Deciphering CD4+ T cell specificity using novel MHC–TCR chimeric receptors

An Author Correction to this article was published on 03 April 2019

This article has been updated


αβ T cell antigen receptors (TCRs) bind complexes of peptide and major histocompatibility complex (pMHC) with low affinity, which poses a considerable challenge for the direct identification of αβ T cell cognate peptides. Here we describe a platform for the discovery of MHC class II epitopes based on the screening of engineered reporter cells expressing novel pMHC–TCR (MCR) hybrid molecules carrying cDNA-derived peptides. This technology identifies natural epitopes of CD4+ T cells in an unbiased and efficient manner and allows detailed analysis of TCR cross-reactivity that provides recognition patterns beyond discrete peptides. We determine the cognate peptides of virus- and tumor-specific T cells in mouse disease models and present a proof of concept for human T cells. Furthermore, we use MCR to identify immunogenic tumor neo-antigens and show that vaccination with a peptide naturally recognized by tumor-infiltrating lymphocytes efficiently protects mice from tumor challenge. Thus, the MCR technology holds promise for basic research and clinical applications, allowing the personalized identification of T cell–specific neo-antigens in patients.


As medicine in affluent societies enters a new era of personalization, most therapies and medical products are being progressively tailored to the individual patient. In the case of immunotherapies, antigenic specificities of T cells come into focus and their unbiased, efficient identification, as well as the assessment of cross-reactivity, becomes of central importance1.

Current methods to identify T cell epitopes2,3,4,5,6,7,8,9 follow two major strategies. The first is based on detecting pMHC–TCR interactions by staining T cells with recombinant major histocompatibility complex- (MHC)-tetramers or by selecting phage particles, yeast or insect cells displaying peptide–MHC complexes with recombinant TCRs4,5,6,10. These methods are severely constrained by the binding affinities of the recombinant reagents to their ligands, which can differ substantially (for example, specific staining of OVA323–339-reactive OT-II T cells requires 400 times more tetramer than the specific staining of lymphocytic choriomeningitis virus (LCMV) gp66–77reactive SMARTA T cells11). Low affinity interactions are therefore easily missed. Furthermore, MHC molecules have to be mutagenized to allow efficient surface expression on phages or yeast cells10,12. The second strategy is based on measuring T cell activation in co-cultures with antigen presenting cells (APCs) displaying peptide pools13 or positional scanning combinatorial peptide libraries2,3. These cumbersome methods define peptide motifs that lead to T cell activation3. However, many T cells do not react with such peptide pools14. Furthermore, the predictive power of these co-culture-based methods is variable14 because random peptide sequences are interrogated and the identified peptide motifs are often ambiguous15,16 or do not correspond to natural peptides17. Finally, because the diversity of MHC class II presented peptides is several orders of magnitude higher than that of MHC class I, it is particularly difficult to find specific peptides for CD4+ T cells.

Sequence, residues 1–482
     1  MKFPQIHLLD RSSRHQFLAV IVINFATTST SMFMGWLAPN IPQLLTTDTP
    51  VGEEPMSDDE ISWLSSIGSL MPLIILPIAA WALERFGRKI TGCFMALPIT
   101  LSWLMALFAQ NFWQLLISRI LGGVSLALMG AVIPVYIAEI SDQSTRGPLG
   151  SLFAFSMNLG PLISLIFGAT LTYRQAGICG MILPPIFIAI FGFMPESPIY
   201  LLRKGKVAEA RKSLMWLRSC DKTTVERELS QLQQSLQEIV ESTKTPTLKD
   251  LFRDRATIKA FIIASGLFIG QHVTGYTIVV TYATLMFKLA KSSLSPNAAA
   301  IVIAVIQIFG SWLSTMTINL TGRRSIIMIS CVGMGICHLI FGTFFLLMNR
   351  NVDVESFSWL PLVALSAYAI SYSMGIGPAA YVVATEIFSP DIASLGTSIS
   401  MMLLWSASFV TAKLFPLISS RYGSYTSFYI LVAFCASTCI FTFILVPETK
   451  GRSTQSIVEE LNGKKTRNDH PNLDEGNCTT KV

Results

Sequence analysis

To address these problems, we designed a method enabling the discovery of epitopes recognized by CD4+ T cells on the basis of screening of engineered reporter cells expressing libraries of novel pMHC–TCR (MCR) hybrid molecules carrying cDNA-derived peptides. This approach overcomes constraints of currently used methods by providing a large collection of APCs, each presenting a unique peptide, from which cells presenting cognate peptides can be enriched by iterative co-culture with T cells and flow sorting. The MCR libraries are enriched for natural peptides, containing peptides derived from differentially spliced messenger RNAs, but also those encoded by alternative-reading frames, allowing screening of common neo-epitopes such as alternative-reading-frame-derived peptides (ARFPs) stemming from mutated DNA or defective ribosomal products (DRiPs)18. This enables unbiased identification of the specificity of individual T cells, or T cell subsets enriched for a particular reactivity. Furthermore, MCR random peptide libraries allow mapping of TCR cross-reactivities, while individual reporter clones with MCRs carrying specific neo-epitopes provide efficient means for finding reactivities in oligo- or polyclonal tumor-infiltrating lymphocyte (TIL) populations. We provide results validating the MCR platform and show its efficiency in unbiased discovery of immunogenic epitopes recognized by anti-viral and tumor-infiltrating CD4+ T cells.